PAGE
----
My Job

My job as a mountain guide is probably not what you think.

As I’ve reflected on before, my job is not the one that my journalism degree from Western Washington University prepared me for. But here I am, still writing.

My job isn’t playing in the mountains on the regular; it is a lot of preparation and anticipation with regard to route finding, dietary restrictions, food shopping, coworker coordinating, weather observations, gear packing, van driving, etc. It’s preparing myself for all of the questions my clients might have and being truthful when they ask me something I didn’t plan for (this comes with a little embarrassment.)

The perks of my job are sunrises and sunsets in the mountains; conversations about life with people from wildly diverse backgrounds; the occasional nap while technically “on the clock;” all of my Trader Joe’s snacks are paid for; incredibly savvy, humble and inspiring coworkers; the opportunity to grow into my profession and simultaneously as a living, thinking, breathing human; the chance to do what I love, with love, as much or as little as I choose to accept work. (I want ALL of the work.)

The challenges associated with my job are working with people in emotionally challenging circumstances from the minute I wake up until the minute I fall asleep. I have to coax people into completely trusting me when they’ve only met me 24 hours prior, when they have little to no experience with what we’re doing and when they’re completely exhausted by the physical exertion and possibly the numerous questions I’ve asked them on the approach (I can’t help myself; I’m just so curious.) It’s (obviously) a lot of grinding up and down hills; it’s been a little hard on my body at times. The pay is something people often ask about; all I can say is that I make it work, whether it’s a second restaurant job for the off-season or forgoing a splurge or wearing the same clothes until they literally fall apart. (Actually, it’s all of the above.)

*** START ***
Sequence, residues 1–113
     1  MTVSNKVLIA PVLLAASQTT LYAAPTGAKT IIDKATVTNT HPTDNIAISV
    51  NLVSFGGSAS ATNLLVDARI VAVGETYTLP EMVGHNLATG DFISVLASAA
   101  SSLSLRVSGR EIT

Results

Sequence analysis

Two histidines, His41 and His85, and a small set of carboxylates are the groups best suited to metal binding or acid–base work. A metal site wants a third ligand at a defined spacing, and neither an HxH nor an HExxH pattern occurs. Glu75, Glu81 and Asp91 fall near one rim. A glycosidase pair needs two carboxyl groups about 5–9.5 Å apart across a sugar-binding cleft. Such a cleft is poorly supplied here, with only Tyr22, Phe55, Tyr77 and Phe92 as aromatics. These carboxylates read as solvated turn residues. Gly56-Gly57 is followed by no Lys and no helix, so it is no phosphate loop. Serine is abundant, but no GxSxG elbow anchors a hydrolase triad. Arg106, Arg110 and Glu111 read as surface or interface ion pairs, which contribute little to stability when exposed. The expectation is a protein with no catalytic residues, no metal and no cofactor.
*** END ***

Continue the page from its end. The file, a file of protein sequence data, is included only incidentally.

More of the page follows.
With each trip, I learn so much. I’ve had the pleasure of working with people that are incredibly talented — technically and interpersonally — and done my best to keep up and offer what I can. Besides my coworkers, I’ve had the distinct challenge of working with clients that didn’t seem interested in working with me; the joy of reaching the top when it seemed unreachable; and the bittersweetness of relinquishing a summit and savoring a high point more than 1,000 feet beneath our intended objective.

My job is so much more than a job. It’s being a relatable, conversational person; a source of inspiration when the client thinks they’re too tired to go on; a sense of emotional security when the going gets tough and scary; the voice of authority when difficult decisions need to be made; a backcountry chef in the wee hours of the morning and after a long day of climbing; all in all, it’s a lot. It’s not easy.